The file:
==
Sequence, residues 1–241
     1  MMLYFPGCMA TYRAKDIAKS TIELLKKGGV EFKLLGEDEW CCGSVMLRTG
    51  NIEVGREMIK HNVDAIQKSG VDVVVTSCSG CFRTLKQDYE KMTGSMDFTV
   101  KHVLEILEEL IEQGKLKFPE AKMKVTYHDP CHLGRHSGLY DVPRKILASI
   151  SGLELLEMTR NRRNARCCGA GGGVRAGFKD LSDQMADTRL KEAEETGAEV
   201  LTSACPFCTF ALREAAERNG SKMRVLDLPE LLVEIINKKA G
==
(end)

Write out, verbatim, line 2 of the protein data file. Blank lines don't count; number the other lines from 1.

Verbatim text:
     1  MMLYFPGCMA TYRAKDIAKS TIELLKKGGV EFKLLGEDEW CCGSVMLRTG